Week #1: Previewing Wake Forest
Week #2: Previewing Georgia Tech
Week #3: Previewing Texas A&M
Week #4: Previewing Florida State
Week #5: Previewing Virginia
Week #6: Previewing Utah State
Week #7: Previewing Maryland
Week #8: Previewing N.C. State
Week #9: Previewing Miami
Week #10: Previewing Duke
South Carolina at Clemson
Clemson concludes the 2004 regular season in Death Valley against arch-rival South Carolina in one of the most heated rivalries in all of college football.
This will be the 11th game of the year for the Tigers, who are 8-2 overall and 6-2 in the final ACC standings.
I predict that South Carolina will enter the game in the exact same position as they were in the previous two years. The Gamecocks will be 5-5 on the season and they will need a win versus Clemson to become bowl eligible. The Gamecocks will have wins over Vanderbilt, South Florida, Troy State, Mississippi, and Arkansas with losses to Georgia, Alabama, Kentucky, Tennessee, and Florida.
Lou Holtz is 27-32 in five years at South Carolina, something significantly lower than he promised when he took the job in 1999. The Gamecocks are coming off a 5-7 year in 2003 with wins over Louisiana-Lafayette, Virginia, Alabama Birmingham, Kentucky, and Vanderbilt.
On offense, South Carolina returns 8 starters from last year's team that averaged 355.1 yards a game (8th in the SEC and 75th in the nation).
Much of the disdain emanating from Columbia is directed squarely at quarterback Dondrial Pinkins. The 6-foot-2, 245 pound senior threw for a modest 2,100 yards last year with 10 touchdowns and 9 interceptions during an up and down junior campaign.
To Pinkins' credit, he has not been given much of a chance to succeed. To start with, the Gamecock receivers averaged almost 3 drops a game in 2003 to go along with multiple botched routes during the season (not to mention the questionable play calling). The Gamecock offensive staff seemed hell-bent to run the ball with their running backs and/or Pinkins on first and 2nd down last year, setting up an almost impossible task for Pinkins in passing situations. The predictability of the offense gave Dondrial as little help as possible, and one wonders if the same is in store in 2004.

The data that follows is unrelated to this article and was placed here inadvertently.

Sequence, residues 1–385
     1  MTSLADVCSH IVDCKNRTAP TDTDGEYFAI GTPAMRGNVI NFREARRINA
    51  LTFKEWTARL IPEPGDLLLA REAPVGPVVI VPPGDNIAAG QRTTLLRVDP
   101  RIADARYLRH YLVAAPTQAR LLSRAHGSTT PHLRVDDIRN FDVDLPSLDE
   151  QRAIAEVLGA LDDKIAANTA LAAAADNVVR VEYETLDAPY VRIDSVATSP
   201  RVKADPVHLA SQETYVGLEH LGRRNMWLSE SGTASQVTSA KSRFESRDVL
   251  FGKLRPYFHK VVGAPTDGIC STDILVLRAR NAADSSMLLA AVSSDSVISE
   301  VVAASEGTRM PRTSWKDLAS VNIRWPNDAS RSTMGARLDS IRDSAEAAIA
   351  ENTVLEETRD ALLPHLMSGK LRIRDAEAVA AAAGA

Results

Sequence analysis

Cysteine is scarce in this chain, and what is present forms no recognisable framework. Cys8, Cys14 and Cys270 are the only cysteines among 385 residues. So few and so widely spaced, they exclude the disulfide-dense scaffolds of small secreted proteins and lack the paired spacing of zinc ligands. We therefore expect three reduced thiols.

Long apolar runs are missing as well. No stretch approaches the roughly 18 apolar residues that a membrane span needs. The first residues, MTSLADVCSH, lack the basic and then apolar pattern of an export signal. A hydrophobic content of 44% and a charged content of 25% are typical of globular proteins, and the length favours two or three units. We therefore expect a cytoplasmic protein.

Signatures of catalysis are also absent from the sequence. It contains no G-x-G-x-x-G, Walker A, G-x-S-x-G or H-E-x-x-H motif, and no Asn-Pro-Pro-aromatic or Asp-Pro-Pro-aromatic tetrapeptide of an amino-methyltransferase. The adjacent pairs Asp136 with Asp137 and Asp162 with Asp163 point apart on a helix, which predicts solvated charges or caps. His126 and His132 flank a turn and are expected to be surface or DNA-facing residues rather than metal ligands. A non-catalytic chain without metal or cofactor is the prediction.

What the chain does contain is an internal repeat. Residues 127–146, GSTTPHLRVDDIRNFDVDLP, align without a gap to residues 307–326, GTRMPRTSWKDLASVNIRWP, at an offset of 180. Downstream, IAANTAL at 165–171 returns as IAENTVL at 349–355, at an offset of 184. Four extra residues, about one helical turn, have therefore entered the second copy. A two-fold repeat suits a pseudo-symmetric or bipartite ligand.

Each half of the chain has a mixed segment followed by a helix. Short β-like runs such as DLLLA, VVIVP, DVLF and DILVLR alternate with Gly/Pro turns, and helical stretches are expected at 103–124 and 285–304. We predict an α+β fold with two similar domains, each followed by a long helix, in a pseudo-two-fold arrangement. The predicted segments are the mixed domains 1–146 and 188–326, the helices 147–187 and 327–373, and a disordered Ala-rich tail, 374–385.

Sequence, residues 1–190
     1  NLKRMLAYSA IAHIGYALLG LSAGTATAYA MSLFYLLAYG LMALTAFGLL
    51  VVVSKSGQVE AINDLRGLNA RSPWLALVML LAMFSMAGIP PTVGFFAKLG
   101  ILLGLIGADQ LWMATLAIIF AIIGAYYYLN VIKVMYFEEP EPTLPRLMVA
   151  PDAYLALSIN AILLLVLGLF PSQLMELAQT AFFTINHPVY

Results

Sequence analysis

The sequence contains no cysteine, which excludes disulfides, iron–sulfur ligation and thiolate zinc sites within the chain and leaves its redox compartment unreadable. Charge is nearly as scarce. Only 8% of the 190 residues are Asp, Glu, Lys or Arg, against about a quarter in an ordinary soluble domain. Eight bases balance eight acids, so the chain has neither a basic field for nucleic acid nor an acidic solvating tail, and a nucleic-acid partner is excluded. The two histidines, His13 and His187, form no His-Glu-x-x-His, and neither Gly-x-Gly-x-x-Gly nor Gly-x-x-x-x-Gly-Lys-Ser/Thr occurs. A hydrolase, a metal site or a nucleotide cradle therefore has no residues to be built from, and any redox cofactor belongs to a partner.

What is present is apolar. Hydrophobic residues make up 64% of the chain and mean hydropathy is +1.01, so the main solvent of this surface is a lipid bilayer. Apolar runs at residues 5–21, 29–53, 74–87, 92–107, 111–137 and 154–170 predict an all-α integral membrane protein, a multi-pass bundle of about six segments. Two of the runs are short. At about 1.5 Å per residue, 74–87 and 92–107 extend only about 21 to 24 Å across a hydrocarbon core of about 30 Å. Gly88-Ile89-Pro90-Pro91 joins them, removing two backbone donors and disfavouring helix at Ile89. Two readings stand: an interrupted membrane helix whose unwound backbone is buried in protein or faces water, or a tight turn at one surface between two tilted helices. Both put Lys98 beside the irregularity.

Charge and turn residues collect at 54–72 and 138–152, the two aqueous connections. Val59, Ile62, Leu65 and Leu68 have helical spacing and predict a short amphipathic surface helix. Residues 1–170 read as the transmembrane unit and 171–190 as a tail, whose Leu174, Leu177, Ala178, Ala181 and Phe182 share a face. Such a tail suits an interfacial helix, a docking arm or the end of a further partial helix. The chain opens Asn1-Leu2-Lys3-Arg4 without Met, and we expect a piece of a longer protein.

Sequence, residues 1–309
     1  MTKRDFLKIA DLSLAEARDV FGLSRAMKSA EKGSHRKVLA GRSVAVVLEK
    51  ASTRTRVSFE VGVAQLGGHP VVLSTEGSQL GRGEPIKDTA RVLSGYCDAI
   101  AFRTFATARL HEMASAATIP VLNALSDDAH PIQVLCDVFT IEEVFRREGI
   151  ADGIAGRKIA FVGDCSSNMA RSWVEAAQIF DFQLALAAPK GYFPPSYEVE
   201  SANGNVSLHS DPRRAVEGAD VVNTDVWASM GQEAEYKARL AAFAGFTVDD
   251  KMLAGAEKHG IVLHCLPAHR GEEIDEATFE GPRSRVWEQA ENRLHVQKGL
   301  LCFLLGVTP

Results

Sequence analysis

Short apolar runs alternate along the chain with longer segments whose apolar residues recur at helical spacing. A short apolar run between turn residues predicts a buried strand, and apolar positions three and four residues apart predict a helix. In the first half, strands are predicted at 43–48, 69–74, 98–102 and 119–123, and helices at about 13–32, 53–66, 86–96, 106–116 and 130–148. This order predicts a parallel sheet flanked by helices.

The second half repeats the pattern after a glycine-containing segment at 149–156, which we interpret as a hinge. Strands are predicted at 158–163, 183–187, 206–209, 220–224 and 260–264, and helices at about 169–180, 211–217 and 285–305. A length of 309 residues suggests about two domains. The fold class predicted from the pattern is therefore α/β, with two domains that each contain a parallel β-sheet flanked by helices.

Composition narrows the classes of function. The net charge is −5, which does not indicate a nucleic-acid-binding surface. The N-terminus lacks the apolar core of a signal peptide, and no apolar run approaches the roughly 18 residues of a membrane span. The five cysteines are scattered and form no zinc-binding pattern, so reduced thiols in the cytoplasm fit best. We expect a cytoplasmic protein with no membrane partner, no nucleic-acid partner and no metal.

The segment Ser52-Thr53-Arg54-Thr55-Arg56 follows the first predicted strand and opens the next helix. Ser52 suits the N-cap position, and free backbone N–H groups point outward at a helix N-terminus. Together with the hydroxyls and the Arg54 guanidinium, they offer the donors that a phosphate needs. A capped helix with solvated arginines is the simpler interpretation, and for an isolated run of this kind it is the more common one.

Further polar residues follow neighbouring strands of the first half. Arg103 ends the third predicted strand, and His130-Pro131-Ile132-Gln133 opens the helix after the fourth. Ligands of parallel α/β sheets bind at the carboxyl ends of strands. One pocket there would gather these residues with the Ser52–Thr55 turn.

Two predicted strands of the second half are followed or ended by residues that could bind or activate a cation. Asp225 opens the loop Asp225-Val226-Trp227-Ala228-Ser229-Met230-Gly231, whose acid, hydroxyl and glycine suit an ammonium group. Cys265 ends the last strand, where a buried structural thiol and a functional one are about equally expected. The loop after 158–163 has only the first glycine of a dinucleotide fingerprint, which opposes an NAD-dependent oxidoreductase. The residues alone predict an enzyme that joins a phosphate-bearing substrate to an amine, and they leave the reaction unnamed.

Yes, there was a buzz in the spring with Syvelle Newton seemingly stealing the spotlight. The 6-foot-2 sophomore has tremendous physical abilities, no doubt. But his numbers in the spring game were against 2nd and 3rd stringers and nobody truly knows what this kid can do under the lights. The backup quarterback is always the best player on the team, and Newton has already been anointed the savior. Problem is, nobody (USC staff included) really knows if Newton is a true quarterback. Excuse me if I have my doubts. I would suspect Pinkins will start the early part of the season and if the season goes really bad, Newton will end up getting more snaps towards the end of the year. But if South Carolina's season stays respectable, which I think it will, Pinkins will be under center in November.
What we do know for sure is that the Gamecocks are loaded at running back.
The best of that group, at least statistically, is junior Daccus Turman, who appears to be settling into a role at fullback. Turman churned out 646 yards in 2003 despite splitting time with other running backs.
Of course, South Carolina fans from near and far foam at the mouth over sophomore Demetris Summers, who also ran for over 600 yards last year. Summers does have big play ability to compliment his bruising running style, but he's been somewhat of a basket case since arriving in Columbia. He had been coddled off the field in his first year in Columbia, and the babying caught up with Summers in the summer when he failed to go to class. To Holtz's credit, he laid the law down on Demetris and it will interesting to see how well he handled the criticism. A sometimes forgotten man in Columbia is sophomore Cory Boyd who has looked impressive all spring and fall. Boyd, if given 20 carries a game, would be the best of the group.
Simply put, the Gamecocks will be in good shape at running back with any one of these three players. This is the one area where depth is most certainly not a problem in Columbia. The problem will be giving enough carries to all the backs to allow them to develop a rhythm. Look for Turman to play some fullback to help ease that burden.
The Gamecocks are not as deep at wide receiver as they are at running back, but the starters are a solid group stuck in an awful system. After dazzling in Athens as a freshman, senior Matthew Thomas has proceeded to lollygag through the rest of his Gamecock career. Thomas did catch 24 balls last year for 442 yards, but this production is well below what you would have thought Thomas was capable of if you watched him his freshman year. While Thomas will make some nice plays for the Gamecocks, he can't be counted on in the role of the go to guy. Like Thomas, junior Troy Williamson has had his moments. As a freshman, he caught two long passes (one for a touchdown) in a 27-20 loss to Clemson in Death Valley. Williamson then slipped into the same funk that Thomas has, waltzing through his sophomore year without spectacular numbers. To his credit, Williamson did lead the team in receptions with 31, but he may be the only receiver in the SEC that led the team in receptions with such a low number. Another emerging player trying to avoid the receiving funk in Columbia is sophomore Noah Whiteside. Whiteside is the fastest among the Gamecock receivers, and it will be interesting to see his development in his 2nd season and whether he can improve (something Thomas and Williamson have not been able to do).
If Newton isn't taking snaps under center, he could also be thrown in to the mix at receiver. I don't expect that to happen, at least not ealry on, as Newton has been adamant about playing quarterback.